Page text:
# Change font size of one equation in align environment

\begin{align}
\label{e1}
a+b&=c\\
\label{e2}
a+b+c+d+e+f+g+h+i+j+k+l&=1+2+3+4+5+6+7+8+9\\
\label{e3}
c+d&=e
\end{align}


From this page I am able to reduce the font size of all equations. But, how to change the font size of only one equation (e2).

• you could use \scriptstyle but any change of the font size there is going to look horrible can you not split the line? Also please always post complete documents that show the problem, not just fragments (in particular you have given no indication of the required line width here) Oct 8, 2017 at 12:00
• Changing size of one equation in a multiline display should be the very last resort. Maybe, if you show the real problem you're facing, some better suggestion can come up. Oct 8, 2017 at 12:02

Another possibility would be the \medmath command from nccmath, which sets the math fontsize between \scriptstyle and \displaystyle (~ 80 % of \displaystyle):

\documentclass{article}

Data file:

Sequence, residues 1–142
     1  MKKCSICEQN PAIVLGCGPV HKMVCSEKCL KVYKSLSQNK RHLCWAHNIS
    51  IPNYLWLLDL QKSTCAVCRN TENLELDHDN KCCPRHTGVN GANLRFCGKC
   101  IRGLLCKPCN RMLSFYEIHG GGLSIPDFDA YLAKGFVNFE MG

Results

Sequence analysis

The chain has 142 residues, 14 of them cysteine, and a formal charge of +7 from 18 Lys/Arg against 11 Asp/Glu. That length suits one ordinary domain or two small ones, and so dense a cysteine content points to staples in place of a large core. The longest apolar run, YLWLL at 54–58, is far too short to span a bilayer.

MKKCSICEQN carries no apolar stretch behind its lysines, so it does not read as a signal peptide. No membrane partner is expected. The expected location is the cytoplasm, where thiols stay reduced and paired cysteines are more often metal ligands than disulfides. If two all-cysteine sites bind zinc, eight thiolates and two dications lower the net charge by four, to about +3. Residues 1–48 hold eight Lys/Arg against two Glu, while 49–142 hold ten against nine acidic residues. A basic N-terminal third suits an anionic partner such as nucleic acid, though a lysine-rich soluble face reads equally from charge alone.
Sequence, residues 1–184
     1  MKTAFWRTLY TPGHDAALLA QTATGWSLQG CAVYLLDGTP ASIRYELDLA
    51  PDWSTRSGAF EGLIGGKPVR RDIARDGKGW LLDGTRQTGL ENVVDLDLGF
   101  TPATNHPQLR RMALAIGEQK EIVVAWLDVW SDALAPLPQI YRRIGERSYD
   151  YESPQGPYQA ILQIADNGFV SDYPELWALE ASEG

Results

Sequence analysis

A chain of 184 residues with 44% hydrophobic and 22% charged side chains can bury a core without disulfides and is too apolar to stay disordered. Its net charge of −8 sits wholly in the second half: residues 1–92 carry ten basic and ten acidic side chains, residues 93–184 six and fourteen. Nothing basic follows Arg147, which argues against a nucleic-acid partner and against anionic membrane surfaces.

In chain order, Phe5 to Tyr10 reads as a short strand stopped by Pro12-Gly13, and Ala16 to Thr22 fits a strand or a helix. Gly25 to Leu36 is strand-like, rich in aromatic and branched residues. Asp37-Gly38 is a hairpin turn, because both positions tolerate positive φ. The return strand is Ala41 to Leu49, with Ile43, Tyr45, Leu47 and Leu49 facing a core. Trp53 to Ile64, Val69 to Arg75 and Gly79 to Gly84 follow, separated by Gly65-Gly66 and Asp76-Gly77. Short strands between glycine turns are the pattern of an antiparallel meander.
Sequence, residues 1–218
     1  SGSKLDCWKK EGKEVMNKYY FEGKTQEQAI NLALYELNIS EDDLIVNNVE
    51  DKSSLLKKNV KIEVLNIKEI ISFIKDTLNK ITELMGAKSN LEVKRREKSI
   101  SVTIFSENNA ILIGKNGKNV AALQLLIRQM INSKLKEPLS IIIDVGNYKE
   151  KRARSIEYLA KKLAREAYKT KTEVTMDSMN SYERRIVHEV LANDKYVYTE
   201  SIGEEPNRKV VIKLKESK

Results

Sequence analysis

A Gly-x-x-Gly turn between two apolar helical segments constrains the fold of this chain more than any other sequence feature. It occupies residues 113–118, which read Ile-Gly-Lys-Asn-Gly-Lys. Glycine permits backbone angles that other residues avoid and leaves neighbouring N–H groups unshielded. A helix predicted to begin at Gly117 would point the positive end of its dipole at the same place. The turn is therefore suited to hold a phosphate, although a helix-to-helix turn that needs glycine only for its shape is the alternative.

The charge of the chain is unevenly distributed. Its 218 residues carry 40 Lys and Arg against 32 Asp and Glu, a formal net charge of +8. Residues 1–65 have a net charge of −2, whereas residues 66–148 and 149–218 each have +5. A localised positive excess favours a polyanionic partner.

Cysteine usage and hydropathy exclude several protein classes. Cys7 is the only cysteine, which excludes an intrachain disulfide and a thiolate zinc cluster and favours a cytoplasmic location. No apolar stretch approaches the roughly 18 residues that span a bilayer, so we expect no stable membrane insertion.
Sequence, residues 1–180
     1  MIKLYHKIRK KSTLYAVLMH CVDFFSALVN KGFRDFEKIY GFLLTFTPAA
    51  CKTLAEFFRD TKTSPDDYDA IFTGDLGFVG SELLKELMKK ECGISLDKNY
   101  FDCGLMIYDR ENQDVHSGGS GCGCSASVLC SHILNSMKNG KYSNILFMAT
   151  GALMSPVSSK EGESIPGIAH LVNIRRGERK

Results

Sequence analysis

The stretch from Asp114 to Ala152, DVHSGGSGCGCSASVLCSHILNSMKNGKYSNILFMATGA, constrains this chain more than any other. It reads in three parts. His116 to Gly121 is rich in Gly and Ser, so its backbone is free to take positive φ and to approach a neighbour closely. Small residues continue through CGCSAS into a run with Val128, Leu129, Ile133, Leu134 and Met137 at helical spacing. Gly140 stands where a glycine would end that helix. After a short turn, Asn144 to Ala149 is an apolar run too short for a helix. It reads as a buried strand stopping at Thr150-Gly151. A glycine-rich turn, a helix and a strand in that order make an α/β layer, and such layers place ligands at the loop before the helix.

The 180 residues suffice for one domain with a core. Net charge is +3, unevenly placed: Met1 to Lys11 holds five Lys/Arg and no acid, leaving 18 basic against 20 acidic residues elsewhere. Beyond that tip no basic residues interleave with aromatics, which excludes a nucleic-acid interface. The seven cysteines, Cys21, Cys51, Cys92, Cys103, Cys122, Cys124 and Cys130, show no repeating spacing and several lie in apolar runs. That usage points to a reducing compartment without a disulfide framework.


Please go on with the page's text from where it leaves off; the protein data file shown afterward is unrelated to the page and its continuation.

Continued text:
\usepackage{mathtools, nccmath}

\begin{document}

\begin{align}
\label{e1}
a+b & = c \\
\label{e2}
\medmath{a+b+c+d+e+f+ g+h+i+j+k+l} & = \medmath{ 1+2+3+4+ 5+6+7+8+9}\\
\label{e3}
c+d & = e
\end{align}

\end{document}


A last possibility in some cases, if you don't use margin notes, consists in loading the geometry package, which produces more decent margins and thus slightly increases text width.

\documentclass{article}
\usepackage{mathtools}

\begin{document}
\begin{align}
\label{e1}
a+b & = c                   \\
\label{e2}
\begin{multlined}[b]a+b+c+d+e+f+\\
g+h+i+j+k+l
\end{multlined} & = \begin{multlined}[t]1+2+3+4+\\
5+6+7+8+9
\end{multlined}     \\
\label{e3}
c+d & = e
\end{align}
or
\begin{align}
\label{e1}
a+b & = c                   \\
\label{e2}
A   & = B    \\
\label{e3}
c+d & = e
\end{align}
where are
\begin{align}
A & = a+b+c+d+e+f+g+h+i+j+k+l   \label{eq:A}    \\
B & = 1+2+3+4+5+6+7+8+9         \label{eq:B}
\end{align}

\end{document}

• This trick will not work in my case, I tried breaking into multiline, your tricks etc. Thanks. Oct 8, 2017 at 12:25
• @Mr.EU, it works, but you not liked it :-). from my experiences, the most readers will lost in your long equations (one of my colleagues make research how many items people observe in one line: experienced 9, less experienced 7 and not experienced 5, it is good to keep this in mind when you write equations too ;-) ). changing font size middle of equation is to my taste aesthetical unpleasant. Oct 8, 2017 at 12:51